BVI Says Welcome Back

The British Virgin Islands is again ready to host tourists, including welcoming those wanting to travel but who are wary about possible crowds during the coronavirus pandemic.

“We are finally reopening,” Rhodni Skelton, deputy director of the British Virgin Islands Tourist Board, said during a Dec. 1 webinar. Dec. 1 marked the date the BVI began readmitting visitors, prompting Skelton to declare it the “rebirth” of his destination’s tourism trade.

Those wanting to visit must among other things test negative for coronavirus five or fewer days before arrival.

Skelton suggested the BVI is well-suited for those wanting to go on vacation but who are nervous about coronavirus, stating that both the villa and sailboat holidays it offers reduce the amount of contact vacationers will have with others.

“Is there any way to better social distance during this pandemic (than on a sailboat)?” Skelton asked.

Sailing accounts for much of the BVI’s tourism, with Skelton noting that his home has over 60 islands and cays,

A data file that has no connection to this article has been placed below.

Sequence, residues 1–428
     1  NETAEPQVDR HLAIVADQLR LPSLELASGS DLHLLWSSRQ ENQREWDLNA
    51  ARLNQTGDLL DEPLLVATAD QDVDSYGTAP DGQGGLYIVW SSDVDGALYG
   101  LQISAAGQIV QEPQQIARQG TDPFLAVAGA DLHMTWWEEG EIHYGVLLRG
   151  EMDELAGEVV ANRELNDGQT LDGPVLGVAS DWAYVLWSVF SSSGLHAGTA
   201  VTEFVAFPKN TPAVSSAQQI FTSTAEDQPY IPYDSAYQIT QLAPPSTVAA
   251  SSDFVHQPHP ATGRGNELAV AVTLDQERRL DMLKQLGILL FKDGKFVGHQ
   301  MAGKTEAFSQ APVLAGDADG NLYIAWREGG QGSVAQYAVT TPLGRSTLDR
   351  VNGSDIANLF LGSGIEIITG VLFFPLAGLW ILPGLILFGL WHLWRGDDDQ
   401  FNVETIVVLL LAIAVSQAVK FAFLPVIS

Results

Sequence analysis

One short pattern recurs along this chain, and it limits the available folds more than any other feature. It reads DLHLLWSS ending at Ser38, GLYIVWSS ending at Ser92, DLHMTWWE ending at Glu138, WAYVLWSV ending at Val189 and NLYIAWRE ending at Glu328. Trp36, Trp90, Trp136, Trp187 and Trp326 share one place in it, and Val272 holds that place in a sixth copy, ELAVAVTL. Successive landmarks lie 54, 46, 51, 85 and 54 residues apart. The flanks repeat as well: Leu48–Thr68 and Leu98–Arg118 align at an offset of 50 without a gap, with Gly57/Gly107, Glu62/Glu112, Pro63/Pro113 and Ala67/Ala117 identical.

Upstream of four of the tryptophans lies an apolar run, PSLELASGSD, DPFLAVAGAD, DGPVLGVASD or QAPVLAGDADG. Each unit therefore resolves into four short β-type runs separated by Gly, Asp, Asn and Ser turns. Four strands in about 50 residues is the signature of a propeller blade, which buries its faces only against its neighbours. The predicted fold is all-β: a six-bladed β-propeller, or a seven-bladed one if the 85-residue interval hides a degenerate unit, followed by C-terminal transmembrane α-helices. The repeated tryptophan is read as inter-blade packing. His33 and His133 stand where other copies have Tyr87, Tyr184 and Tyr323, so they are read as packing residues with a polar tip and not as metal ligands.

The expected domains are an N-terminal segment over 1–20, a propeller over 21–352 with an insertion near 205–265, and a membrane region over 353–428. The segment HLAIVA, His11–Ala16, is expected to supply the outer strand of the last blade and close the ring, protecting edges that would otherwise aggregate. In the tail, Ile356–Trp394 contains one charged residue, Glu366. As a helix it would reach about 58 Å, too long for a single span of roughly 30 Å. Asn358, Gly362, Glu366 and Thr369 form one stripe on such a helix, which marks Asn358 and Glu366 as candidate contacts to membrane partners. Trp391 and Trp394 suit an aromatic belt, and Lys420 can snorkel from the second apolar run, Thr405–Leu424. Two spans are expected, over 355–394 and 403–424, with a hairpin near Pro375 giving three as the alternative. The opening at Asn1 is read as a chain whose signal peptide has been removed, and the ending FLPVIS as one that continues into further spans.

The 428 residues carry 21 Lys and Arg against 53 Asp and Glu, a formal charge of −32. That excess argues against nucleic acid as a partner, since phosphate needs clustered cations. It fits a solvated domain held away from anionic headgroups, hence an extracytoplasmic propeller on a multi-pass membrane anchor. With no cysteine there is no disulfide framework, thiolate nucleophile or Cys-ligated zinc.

“I dare to say we are the sailing capital of the world…,” he said. “No matter how many Painkillers (a local rum-based drink) you have, you will never get lost (because of the different islands’ proximity to one another).”

Boats can be rented, with crews available as well. Those crews can include a wine sommelier.

Skelton said the BVI — which he described as “quite the opposite” from a mass-market destination — is great for diving, noting it has created artificial reefs.

May’s Wreck Week will appeal to divers but the likes of culture and food will also receive attention. “It truly is a celebration of all things BVI, ” Skelton said.

The BVI is 30 minutes by air from both Puerto Rico and St. Martin, and 45 minutes by ferry from St. Thomas in the U.S. Virgin Islands.



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